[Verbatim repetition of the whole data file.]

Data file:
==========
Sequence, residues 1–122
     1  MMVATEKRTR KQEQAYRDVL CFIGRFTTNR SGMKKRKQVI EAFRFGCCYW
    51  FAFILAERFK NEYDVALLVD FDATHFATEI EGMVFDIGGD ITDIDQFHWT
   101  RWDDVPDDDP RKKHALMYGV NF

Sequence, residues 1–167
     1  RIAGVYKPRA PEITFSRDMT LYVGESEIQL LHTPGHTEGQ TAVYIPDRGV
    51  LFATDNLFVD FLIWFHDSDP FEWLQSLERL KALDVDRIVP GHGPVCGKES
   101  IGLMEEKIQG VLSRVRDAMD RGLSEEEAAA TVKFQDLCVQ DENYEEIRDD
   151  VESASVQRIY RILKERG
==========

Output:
Sequence, residues 1–122
     1  MMVATEKRTR KQEQAYRDVL CFIGRFTTNR SGMKKRKQVI EAFRFGCCYW
    51  FAFILAERFK NEYDVALLVD FDATHFATEI EGMVFDIGGD ITDIDQFHWT
   101  RWDDVPDDDP RKKHALMYGV NF

Sequence, residues 1–167
     1  RIAGVYKPRA PEITFSRDMT LYVGESEIQL LHTPGHTEGQ TAVYIPDRGV
    51  LFATDNLFVD FLIWFHDSDP FEWLQSLERL KALDVDRIVP GHGPVCGKES
   101  IGLMEEKIQG VLSRVRDAMD RGLSEEEAAA TVKFQDLCVQ DENYEEIRDD
   151  VESASVQRIY RILKERG